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Zinkand v. Hernandez

United States District Court, W.D. North Carolina, Asheville Division

January 23, 2018

JOHN JOSEPH ZINKAND, Petitioner,
v.
CARLOS HERNANDEZ, Respondent.

          ORDER

          Frank D. Whitney Chief United States District Judge

         THIS MATTER is before the Court upon initial review of John Joseph Zinkand's pro se Petition for Writ of Habeas Corpus, 28 U.S.C. § 2254. (Doc. No. 4.)

         I. BACKGROUND

         Petitioner is a prisoner of the State of North Carolina, who was convicted by a Macon County jury of three counts of statutory sex offense, two counts of crime against nature, and one count of taking indecent liberties with a child. State v. Zinkand, 661 S.E.2d 290, 291 ( N.C. Ct. App. 2008). Defendant was sentenced to several consecutive active terms of imprisonment followed by an additional probationary sentence to begin at the expiration of the active sentences. Id. at 293. Judgment was entered on November 17, 2006. Id. at 290.

         On direct appeal, the North Carolina Court of Appeals affirmed Petitioner's convictions and sentences but vacated the trial court's ruling which classified Petitioner as a sexually violent predator and remanded the matter to the trial court for the entry of an order removing that classification. Id. at 294. Petitioner's petition for discretionary review was denied by the North Carolina Supreme Court on October 9, 2008. State v. Zinkand, 668 S.E.2d 783 ( N.C. 2008) (Mem).

         Petitioner filed a motion for appropriate relief in the Macon County Superior Court on or about May 5, 2011. See State's Resp. to Pet. for Writ of Cert. ¶ 4, State v. Zinkand, No. P12-869 ( N.C. Ct. App. filed Oct. 30, 2012).[1] The MAR was denied on August 18, 2011. See id. On or about October 15, 2012, Petitioner filed a petition for writ of certiorari, seeking review of the trial court's denial of his MAR. See Docket Sheet, id. at Doc. No. 1. His petition was denied by the North Carolina Court of Appeals on November 1, 2012. See id. Thereafter, according to Petitioner, he filed a petition for writ of habeas corpus in the North Carolina Supreme Court on May 19, 2017, which was denied on July 7, 2017. (§ 2254 Pet. 4-5.)

         On October 5, 2017, see Houston v. Lack, 487 U.S. 266, 267 (1988), Petitioner filed a document titled “Petition for Writ of Certiorari” in this Court. (Doc. No. 1.) Because he was challenging the validity of his state court judgments and had never before filed a petition for writ of habeas corpus pursuant to 28 U.S.C. § 2254, the Court issued Petitioner notice of its intent to construe the Petition for Writ of Certiorari as a § 2254 petition for writ of habeas corpus, see Castro v. United States, 540 U.S. 375, 383 (2003). (Doc. No. 3.) The Castro Notice instructed that Petitioner could indicate his acceptance of the conversion by completing the standard §2254 form used by this Court, signing it under penalty of perjury, and returning it by a set date. (Castro Notice 3, Doc. No. 3.) This step was necessary because the Petition for Writ of Certiorari (Doc. No. 1) did not comply with Rule 2(d) of the Rules Governing Section 2254 Cases in the United States District Courts. (Castro Notice 3.)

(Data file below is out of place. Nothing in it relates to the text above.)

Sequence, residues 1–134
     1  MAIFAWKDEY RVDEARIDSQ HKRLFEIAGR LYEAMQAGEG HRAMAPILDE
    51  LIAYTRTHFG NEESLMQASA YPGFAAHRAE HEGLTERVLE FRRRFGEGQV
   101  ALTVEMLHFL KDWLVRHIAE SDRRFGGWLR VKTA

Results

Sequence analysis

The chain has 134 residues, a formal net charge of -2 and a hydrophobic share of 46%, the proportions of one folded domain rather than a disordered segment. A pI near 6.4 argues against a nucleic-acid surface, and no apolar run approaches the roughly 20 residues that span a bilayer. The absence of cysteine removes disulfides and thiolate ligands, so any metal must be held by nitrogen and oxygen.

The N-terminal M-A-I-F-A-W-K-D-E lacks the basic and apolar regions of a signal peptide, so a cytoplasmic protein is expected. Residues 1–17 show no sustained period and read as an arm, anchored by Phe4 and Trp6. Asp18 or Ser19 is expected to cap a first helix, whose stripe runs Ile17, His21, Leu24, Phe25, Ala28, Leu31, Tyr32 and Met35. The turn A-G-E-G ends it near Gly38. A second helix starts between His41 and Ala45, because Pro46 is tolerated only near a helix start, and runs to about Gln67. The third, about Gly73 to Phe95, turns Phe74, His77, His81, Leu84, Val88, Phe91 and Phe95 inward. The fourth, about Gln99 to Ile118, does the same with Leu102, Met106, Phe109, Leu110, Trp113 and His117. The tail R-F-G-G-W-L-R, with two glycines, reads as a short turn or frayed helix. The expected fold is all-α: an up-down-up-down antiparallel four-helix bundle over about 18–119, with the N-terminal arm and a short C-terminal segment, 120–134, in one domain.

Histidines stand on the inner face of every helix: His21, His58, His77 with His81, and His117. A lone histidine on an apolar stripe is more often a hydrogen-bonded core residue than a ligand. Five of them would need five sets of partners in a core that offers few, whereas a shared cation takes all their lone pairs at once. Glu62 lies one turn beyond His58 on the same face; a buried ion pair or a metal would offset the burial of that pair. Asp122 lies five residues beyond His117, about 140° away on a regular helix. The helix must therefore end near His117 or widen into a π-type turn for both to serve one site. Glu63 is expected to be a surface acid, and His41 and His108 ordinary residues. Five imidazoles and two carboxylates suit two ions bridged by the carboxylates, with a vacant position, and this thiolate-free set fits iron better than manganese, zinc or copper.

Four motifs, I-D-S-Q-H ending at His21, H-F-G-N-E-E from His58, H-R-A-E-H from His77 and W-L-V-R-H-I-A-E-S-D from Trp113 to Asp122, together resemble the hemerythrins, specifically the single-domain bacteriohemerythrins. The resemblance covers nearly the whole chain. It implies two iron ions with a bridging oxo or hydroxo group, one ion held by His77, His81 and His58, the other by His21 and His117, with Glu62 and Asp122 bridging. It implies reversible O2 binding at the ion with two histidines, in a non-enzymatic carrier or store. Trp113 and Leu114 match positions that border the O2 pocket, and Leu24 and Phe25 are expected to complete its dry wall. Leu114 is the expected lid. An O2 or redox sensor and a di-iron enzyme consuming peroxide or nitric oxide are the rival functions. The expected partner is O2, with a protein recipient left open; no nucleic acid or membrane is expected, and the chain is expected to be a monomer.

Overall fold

On October 31, 2017, Petitioner filed a completed §2254 standard form, which he signed under penalty of perjury. Accordingly, the Court shall dismiss the Petition for Writ of Certiorari, but consider the instant §2254 Petition as having been filed on October 5, 2017, the date on which Petitioner initiated this action. Petitioner raises the following grounds for relief: 1) the statute under which he was convicted has been determined to be unconstitutional; 2) the indictments used to convict him were invalid; and 3) the State and the North Carolina Courts violated his due process right to challenge his convictions by refusing to respond to the claims raised in post-conviction.[2] (§2254 Pet. 5-11.)

         II. STANDARD OF REVIEW

         The Court is guided by Rule 4 of the Rules Governing Section 2254 Cases in the United States District Courts, which directs district courts to dismiss habeas petitions when it plainly appears from the petition and any attached exhibits that the petitioner is not entitled to relief. Rule 4, 28 U.S.C.A. foll. § 2254. In conducting its review under Rule 4, the court “has the power to raise affirmative defenses sua sponte, ” including a statute of limitations defense under 28 U.S.C. § 2244(d). Hill v. Braxton, 277 F.3d 701, 706 (4th Cir. 2002). The court may dismiss a petition as untimely under Rule 4, however, only if it is clear that the petition is untimely, and the petitioner had notice of the statute of limitations and addressed the issue. Id. at 706-707.

         III. DISCUSSION

         The Antiterrorism and Effective Death Penalty Act of 1996 provides a statute of limitations for § 2254 petitions by a person in custody pursuant to a state court judgment. 28 U.S.C. § 2244(d)(1). The petition must be filed within one year of the latest of:

(A) the date on which the judgment became final by the conclusion of direct review or the expiration of the time for seeking such review;
(B) the date on which the impediment to filing an application created by State action in violation of the Constitution or laws of the United States is removed, if the applicant was ...

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